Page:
Thirty years ago today, New Zealand pivoted. On July 14, 1984, the fourth Labour government was elected and things would never be the same again.
I remember voting that morning. I was living in a barely-converted warehouse in Fort Street and we all trooped up the road to the Auckland Town Hall to play our part in the change. I voted Labour and spoiled my liquor ballot in protest at the law on cannabis.
I remember the elation afterwards, for months. New Zealand had been a dull, mean country in which to be young, one dominated by a demagogue Prime Minister who grasped every lever he could. To be young here was to be desperately embarrassed by Rob Muldoon, who had contrived a mad economy and led us into international odium and domestic rebellion by encouraging the tour three years before by the South African rugby team.
People who had fled talked eagerly of coming back. The new Prime Minister, David Lange, defied powerful interests in defending our anti-nuclear stance in his magnificent address to the Oxford Union.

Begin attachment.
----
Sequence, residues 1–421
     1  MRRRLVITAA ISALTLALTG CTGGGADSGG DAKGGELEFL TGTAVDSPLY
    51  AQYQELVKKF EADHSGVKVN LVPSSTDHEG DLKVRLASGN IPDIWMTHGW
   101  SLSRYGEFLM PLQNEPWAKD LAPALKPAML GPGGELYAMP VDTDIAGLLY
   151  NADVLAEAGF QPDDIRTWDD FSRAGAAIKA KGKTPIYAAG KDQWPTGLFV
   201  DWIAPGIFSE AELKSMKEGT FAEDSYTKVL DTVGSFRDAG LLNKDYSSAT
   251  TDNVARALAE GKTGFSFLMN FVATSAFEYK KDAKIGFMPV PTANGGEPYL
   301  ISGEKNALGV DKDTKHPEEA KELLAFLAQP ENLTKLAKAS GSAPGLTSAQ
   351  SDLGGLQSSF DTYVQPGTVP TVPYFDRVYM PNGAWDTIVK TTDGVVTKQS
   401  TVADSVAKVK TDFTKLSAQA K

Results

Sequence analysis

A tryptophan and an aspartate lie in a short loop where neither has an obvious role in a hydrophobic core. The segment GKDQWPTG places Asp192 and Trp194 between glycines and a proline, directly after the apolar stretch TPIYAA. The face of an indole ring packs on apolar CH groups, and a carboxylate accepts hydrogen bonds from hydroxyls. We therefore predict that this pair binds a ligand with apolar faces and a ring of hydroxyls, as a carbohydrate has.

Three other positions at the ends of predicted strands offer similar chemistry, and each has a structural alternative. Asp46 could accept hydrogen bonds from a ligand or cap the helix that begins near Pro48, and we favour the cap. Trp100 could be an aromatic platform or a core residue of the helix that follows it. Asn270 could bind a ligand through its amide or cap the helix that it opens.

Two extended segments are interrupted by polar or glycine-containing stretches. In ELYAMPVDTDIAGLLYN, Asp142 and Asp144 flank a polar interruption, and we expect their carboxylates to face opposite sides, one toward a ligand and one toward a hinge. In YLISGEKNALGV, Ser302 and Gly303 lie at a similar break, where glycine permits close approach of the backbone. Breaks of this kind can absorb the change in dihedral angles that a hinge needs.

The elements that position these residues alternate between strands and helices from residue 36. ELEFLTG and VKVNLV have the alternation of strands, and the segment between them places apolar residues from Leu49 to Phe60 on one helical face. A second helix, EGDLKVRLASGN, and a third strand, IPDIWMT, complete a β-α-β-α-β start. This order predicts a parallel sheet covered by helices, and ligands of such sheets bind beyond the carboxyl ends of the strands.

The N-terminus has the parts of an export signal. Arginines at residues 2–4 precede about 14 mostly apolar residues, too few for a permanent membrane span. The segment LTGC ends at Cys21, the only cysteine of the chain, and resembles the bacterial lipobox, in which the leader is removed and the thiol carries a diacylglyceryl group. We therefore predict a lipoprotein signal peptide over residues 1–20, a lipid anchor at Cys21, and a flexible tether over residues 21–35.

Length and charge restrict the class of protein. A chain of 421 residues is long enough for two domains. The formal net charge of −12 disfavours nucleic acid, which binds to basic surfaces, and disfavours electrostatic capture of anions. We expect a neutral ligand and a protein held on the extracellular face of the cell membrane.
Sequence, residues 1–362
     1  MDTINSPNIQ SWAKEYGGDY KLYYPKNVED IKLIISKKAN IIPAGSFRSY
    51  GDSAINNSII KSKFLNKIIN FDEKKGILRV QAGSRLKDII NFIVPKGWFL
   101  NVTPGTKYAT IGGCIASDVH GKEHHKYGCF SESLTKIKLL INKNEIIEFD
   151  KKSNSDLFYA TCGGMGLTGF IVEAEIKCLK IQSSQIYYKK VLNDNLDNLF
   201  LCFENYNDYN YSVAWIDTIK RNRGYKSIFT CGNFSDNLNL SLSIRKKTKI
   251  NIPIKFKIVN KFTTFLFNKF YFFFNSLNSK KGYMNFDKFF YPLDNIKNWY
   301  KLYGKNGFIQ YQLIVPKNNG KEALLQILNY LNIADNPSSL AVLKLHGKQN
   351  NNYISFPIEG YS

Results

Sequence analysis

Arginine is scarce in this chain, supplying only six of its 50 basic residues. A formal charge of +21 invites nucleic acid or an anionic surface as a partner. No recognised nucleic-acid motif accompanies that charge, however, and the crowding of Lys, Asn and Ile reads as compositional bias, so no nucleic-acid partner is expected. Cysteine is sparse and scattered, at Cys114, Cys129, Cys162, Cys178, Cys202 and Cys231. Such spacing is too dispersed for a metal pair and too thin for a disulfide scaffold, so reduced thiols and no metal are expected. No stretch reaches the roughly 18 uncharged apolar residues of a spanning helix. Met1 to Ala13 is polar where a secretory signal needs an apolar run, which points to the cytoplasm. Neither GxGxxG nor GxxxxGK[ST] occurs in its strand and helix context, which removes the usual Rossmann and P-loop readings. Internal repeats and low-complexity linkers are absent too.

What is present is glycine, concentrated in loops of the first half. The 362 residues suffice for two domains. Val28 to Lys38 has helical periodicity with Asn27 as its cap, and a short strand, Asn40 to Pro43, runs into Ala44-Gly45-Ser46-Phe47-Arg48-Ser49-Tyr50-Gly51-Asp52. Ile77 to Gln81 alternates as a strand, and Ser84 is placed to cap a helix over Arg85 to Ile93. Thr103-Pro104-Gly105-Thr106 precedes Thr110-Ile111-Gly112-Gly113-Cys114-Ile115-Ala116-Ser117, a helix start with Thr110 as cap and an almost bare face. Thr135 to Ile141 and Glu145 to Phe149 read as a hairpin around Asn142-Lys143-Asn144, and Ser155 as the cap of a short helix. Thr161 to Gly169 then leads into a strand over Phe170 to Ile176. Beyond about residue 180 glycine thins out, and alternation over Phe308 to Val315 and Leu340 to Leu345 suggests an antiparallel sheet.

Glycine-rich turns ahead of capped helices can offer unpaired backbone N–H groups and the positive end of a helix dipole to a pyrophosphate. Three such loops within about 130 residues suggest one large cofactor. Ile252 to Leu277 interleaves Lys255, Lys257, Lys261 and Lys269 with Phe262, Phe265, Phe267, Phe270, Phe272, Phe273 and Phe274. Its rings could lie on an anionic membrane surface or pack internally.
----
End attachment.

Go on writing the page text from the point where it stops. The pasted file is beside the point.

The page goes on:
And then, it started to hurt. The intractable demagogue turned out to have been supplanted by some equally intractable zealots. We experienced mass unemployment for the first time in decades. We began running up social deficits that remain unredeemed. And in 1987, the business dreams of fools and knaves fell apart.
I was gone by then, off for five years to London, and the implosion of the Labour government seemed distant and unreal in those pre-internet days. I'm not really sorry that era doesn't form part of my politics.
I arrived home in 1991, with a life partner and a baby, to a bleak recession and Ruth Richardson. A friend told me it was, perversely, an exciting time: with so much laid waste and slim prospects for employment, we were freed to just do what we wanted.
My friend wasn't entirely wrong: I did things in the early 90s that became the foundation of what I do now. But I did them in a country that was never the same, for better and worse, after that Saturday in 1984.